A few years ago, I started to read Bakuman, a brilliant manga series that follows a young writer/artist duo trying to make their way into the manga and anime industry. It’s a great story, and one I really recommend, if only because it illustrates how much work actually goes into the panels we skim through. All of the mental and physical processes, the highs and the lows, and all the time wasted, are weaved into a fun comedic story that will resonate with anyone who has ever created anything (which is all of us, frankly). And yet, while Bakuman cleverly illuminates that particular world for us, it also casts a bit of a shadow on shows like Eromanga Sensei. The latter is certainly a cute series, no doubt about that, following the lives of another writer/artist duo tackling the world of light novels. However, it never quite takes the time to explore that unique world fully, instead choosing to pursue to an all-too-familiar romance story that sadly dilutes, rather than dramatises, its central premise.
The show is actually adapted from a light novel series itself by Tsukasa Fushimi, and illustrated by Hiro Kanzaki, and, in many ways, I want to separate my review from that particular work. Just as Bakuman was a manga introspectively exploring the creation of manga, I feel that a light novel about light novels is quite a neat idea, and it probably brings out some interesting perspectives. However, even if that is the case, much of that is lost in its translation to anime; I guess, in a sense, it was always destined to be.
As I mentioned, the story explores the lives of a light novel writer, Masamune Izumi, a 15-year old high school student, and his mysterious illustrator partner, ’Eromanga Sensei,’ who has a flair for erotic depictions of his characters. The catch is that, early in the show, it’s revealed that Eromanga Sensei is none other than Masamune’s 12-year old sister, Sagiri, who has mostly stayed locked up in her room since she was adopted into Masamune’s family at a young age. What follows is an undoubtedly adorable and light-hearted set of episodes, as Masamune attempts to not only build the bond between him and his socially anxious sister (perhaps not always in the most comfortable way), but also to establish themselves as a prodigy light novel writer and artist pairing.
Off to the side, we get a handful of energetic supporting characters, the most noticeable being Elf Yamada, a popular 14-year old light novel author, and Megumi Jinno, a classmate of Sagiri’s. Megumi is a whirlwind of energy and sexual promiscuity, so no further comment needed, but Elf actually captures the main issue I have with this show. She’s ever confident of her own abilities, having sold millions of light novels, and she quickly grows to see Masamune as a rival, at one point challenging him to a personal writing competition to be Sagiri’s partner. These moments are really quite intriguing, and they use the creative process to drive the drama and reveal the mindsets of the characters to us. But they also seem oddly rare in this show, which seems all too eager to explore the erotic side of things over anything else.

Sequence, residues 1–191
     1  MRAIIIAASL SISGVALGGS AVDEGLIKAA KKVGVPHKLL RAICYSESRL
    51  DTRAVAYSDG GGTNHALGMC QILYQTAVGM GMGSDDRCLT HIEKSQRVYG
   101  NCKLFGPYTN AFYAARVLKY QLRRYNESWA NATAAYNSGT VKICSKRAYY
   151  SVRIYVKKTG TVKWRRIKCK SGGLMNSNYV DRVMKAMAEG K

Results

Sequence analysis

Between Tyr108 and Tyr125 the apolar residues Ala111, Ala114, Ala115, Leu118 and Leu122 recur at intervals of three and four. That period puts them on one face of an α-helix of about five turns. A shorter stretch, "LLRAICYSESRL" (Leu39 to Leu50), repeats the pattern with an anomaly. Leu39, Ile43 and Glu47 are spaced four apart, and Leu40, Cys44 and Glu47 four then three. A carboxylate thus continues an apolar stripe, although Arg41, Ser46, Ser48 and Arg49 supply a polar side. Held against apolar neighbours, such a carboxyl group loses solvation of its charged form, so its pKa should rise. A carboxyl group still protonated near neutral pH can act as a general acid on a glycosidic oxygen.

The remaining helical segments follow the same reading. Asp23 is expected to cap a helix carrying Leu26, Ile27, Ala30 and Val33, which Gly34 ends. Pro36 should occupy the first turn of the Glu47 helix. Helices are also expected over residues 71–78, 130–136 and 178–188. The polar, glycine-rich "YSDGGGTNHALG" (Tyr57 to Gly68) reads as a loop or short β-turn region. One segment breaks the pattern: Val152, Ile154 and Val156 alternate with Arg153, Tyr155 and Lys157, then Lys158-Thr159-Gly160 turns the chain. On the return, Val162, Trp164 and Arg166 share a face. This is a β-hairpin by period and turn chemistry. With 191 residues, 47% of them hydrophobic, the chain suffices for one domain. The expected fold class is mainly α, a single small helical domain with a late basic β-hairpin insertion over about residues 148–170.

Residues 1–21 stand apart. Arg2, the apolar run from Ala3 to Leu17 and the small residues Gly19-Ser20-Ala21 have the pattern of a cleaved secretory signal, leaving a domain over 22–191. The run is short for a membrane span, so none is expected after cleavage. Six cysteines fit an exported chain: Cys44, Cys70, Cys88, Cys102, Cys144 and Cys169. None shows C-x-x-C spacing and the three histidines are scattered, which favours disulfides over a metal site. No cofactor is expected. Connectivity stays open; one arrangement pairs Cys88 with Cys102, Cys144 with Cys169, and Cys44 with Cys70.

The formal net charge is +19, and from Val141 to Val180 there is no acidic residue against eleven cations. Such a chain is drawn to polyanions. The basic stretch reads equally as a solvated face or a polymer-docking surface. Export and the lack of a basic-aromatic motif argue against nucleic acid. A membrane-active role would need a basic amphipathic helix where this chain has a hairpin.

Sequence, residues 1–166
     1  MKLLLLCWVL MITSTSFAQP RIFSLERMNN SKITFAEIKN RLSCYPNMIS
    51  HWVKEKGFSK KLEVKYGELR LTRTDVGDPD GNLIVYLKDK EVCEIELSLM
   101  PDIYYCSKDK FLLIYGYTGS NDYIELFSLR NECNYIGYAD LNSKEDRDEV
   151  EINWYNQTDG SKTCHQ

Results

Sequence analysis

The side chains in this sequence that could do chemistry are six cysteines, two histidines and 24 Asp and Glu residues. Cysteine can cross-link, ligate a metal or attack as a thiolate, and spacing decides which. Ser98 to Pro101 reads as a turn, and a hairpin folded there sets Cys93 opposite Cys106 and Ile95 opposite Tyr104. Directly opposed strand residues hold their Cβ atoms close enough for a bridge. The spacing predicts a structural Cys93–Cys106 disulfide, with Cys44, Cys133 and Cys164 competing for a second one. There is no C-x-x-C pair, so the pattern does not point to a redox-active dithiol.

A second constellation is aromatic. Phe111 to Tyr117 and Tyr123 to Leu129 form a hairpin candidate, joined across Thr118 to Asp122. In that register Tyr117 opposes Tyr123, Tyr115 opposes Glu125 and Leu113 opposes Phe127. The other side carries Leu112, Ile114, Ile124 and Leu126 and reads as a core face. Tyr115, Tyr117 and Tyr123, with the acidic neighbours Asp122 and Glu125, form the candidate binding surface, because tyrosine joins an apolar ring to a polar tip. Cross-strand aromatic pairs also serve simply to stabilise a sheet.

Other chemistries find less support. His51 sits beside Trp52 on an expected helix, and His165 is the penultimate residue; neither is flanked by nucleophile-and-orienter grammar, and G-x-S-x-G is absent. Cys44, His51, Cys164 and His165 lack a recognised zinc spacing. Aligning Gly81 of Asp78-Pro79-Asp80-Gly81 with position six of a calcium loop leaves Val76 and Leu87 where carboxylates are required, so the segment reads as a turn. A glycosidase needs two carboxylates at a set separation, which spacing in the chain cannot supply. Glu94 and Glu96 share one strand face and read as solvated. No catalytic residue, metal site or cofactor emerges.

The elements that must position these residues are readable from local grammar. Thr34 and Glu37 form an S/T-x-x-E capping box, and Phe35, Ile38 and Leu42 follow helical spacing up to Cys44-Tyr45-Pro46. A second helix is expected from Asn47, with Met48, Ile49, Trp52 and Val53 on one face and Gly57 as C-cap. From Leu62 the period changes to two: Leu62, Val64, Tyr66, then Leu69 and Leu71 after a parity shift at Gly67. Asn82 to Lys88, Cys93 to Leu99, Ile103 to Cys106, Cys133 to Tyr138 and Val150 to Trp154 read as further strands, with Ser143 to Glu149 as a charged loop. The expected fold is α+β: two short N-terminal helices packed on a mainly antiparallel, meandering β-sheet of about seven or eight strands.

Now, that might seem like a really silly observation for a series called Eromanga Sensei - it’s clear in the title what the show is trying to lean towards. But I think about shows such as Food Wars, which had its fair share of fan-service to say the least, but still took plenty of time to explore the world of cooking in every episode. Crucially, unlike this show, Food Wars never allowed its central motif to become a backdrop to a rather common romance story, and that’s what is disappointing for me. Don’t get me wrong, it’s a cute tale, with plenty of humour and energy, but it’s not something that seems at all remarkable despite having a rather nuanced concept at its core.
That all said, it is a very nice show to look at. A-1 Pictures have done a superb job of bringing the light novel to life, and using a gentle colour palette to give everything a far more innocent tone than it has figuratively. More than this, it’s really playful in the way it animates some scenes, and isn’t afraid to drop the more literal style for comic effect or exaggeration. All of this gives is a very fun vibe, and it does stress that this is a show of two-halves; you can certainly enjoy it for its aesthetics in and of themselves, as I did.
Of course, fan-service is the order of the day here, and I’m relieved to say that its more tasteful than it could have been. Yes, we are still exploring that topic around young teens, but the sexuality of the show is heavily suggestive rather than literal in these first few episodes (we’re not getting any Food Wars moments, and that is saying something). That said, this side of the show is also very clear cut - you’ll either be fine with it, or you really won’t, and it’s something that will totally undermine your enjoyment of it if you fall into the latter.
On reflection, Eromanga Sensei Part 1 is something that feels a little bit like a light novel; it’s interspersed with moments that, like illustrations, really drew my attention back in and gave me a brief glimpse of the world Masamune and Sagiri are trying to conquer. However, six episodes in, it's apparent that it also wants to show something I’ve already seen before in plenty of other shows; a romantic bond between adopted siblings, and a ton of jealousy and drama from their harem-esque supporting cast. I do hope I’m wrong, and I will review the next few episodes to be sure, but it seems that this show is far more interested in frolicking in the erotic than showing us something new and nuanced about the medium it's based on.